Sometimes you just need to hack and/or slash away your problems.
I love a deep, introspective narrative. A unique, cutesy art style can hook me into games I’d otherwise pass on. Complex systems that make every encounter feel like a final boss can make a repetitive game feel epic. Ultra Age does not have any of these things. What it does have is an adequate plot, art style, and combat system, and cool space swords that you use to wipe out tons and tons of robots.
What if… every trope?!
I don’t want to spend a lot of time dunking on the story and worldbuilding in Ultra Age, because I found it interesting enough that it kept me engaged most of the time. The problem is that it manages to feel both generic and overwhelming. To give you an idea of what I mean, the plot for Ultra Age includes:
- Artificial Intelligence gone rogue
- Time Travel
- Crystalline Energy
- Space Travel
- Anime Swords
- Trading labor for extended time on your predetermined life-clock.
I think that’s a pretty comprehensive list, but I’ve probably left something out. There’s just a whole heck of a lot going on.
The storytelling, on the other hand, feels a bit bland. The dialog is all written okay, but it’s never really great. It is 100% voice acted, including both the cutscenes and the dialog that happens between your character and his robot companion during gameplay. The voice acting didn’t thrill me, though, and I found that leaving it with Japanese audio on felt more authentic.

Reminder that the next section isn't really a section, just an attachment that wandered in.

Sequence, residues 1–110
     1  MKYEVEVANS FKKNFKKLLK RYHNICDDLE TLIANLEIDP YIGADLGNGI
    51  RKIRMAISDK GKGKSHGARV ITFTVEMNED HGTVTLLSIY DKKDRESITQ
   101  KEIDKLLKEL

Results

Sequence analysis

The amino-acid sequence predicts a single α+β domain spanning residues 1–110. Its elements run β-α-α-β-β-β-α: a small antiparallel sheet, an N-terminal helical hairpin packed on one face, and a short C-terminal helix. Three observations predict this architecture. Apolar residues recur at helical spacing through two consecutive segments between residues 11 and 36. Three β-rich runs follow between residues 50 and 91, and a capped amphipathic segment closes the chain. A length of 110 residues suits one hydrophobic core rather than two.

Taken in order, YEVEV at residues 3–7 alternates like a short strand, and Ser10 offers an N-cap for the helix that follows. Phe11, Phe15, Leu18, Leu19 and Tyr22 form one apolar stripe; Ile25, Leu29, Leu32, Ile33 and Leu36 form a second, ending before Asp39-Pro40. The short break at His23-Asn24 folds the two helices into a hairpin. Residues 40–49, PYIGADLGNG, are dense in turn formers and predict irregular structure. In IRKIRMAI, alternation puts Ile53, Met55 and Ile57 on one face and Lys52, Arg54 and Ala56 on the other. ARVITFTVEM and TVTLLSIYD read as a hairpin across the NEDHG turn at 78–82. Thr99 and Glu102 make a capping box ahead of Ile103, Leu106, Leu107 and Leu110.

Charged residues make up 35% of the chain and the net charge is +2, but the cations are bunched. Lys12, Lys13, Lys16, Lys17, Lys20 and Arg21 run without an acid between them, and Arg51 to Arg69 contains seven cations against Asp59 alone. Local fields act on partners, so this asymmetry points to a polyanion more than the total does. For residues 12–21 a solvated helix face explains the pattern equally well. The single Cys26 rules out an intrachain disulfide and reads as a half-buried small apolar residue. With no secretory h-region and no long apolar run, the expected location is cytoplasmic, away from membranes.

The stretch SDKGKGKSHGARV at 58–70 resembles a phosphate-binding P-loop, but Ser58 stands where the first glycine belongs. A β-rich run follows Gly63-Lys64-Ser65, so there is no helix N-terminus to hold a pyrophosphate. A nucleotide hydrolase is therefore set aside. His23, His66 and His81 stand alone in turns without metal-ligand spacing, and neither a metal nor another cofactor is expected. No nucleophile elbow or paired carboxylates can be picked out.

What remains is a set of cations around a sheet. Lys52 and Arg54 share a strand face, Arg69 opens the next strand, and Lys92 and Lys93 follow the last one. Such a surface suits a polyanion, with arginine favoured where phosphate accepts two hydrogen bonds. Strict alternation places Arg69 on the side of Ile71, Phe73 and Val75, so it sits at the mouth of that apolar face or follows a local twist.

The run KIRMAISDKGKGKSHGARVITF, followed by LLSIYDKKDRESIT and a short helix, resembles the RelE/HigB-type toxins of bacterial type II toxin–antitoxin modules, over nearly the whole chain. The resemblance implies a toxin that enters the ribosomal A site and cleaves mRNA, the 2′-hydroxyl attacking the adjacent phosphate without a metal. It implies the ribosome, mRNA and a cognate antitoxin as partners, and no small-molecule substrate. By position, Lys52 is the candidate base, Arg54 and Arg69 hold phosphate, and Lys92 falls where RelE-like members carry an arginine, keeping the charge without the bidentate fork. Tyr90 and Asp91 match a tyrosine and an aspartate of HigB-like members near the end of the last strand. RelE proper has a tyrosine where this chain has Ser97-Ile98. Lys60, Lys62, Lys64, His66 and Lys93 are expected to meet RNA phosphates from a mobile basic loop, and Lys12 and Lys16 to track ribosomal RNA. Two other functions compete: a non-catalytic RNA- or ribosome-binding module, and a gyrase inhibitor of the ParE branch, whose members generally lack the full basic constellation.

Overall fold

None of the story stuff was terrible, but it wasn’t what kept me playing the game at all.
Hack and Slash
Despite that big list of topics that the plot covers, Ultra Age is really a game about acrobatic, combo-centric, hack-and-slash action. Your character starts the game equipped with a big, ridiculous anime sword that you wield against robots and mutant animals. You’ve got a basic attack and a strong attack, which deploy different special moves on how you combo them together. To get around, you can dodge, jump, and use a nifty grappling hook to pull enemies towards you. Most encounters have you facing off against several enemies, so keep your camera locked on one to wail on while being prepared to dodge attacks from the others is essential.
As you progress through the game you’ll find more and more swords to use. Each one has its own stat tree and specialties. A Katana is great against biological foes but does almost nothing to robots, while an electrical sword has a chance of stunning your enemies. By the time I finished playing Ultra Age I had six swords unlocked, and you can map four of them to the face buttons so that you can change them up constantly. This variety was nice, but outside of a few specific situations I mostly equipped a sword at the start of a fight and didn’t change it up until the next one.
There’s not a ton of variety to the encounters, but jumping around and wailing on enemies felt good enough to keep me fairly engaged. Most of the progression through the world of this game is fairly linear, so each fight felt like a step forward. There are a few places where you delve into what are basically small, randomized dungeons. These are great for grinding out the currency you use in the stat trees, but playing through the grind of them did start to make the combat feel a bit routine.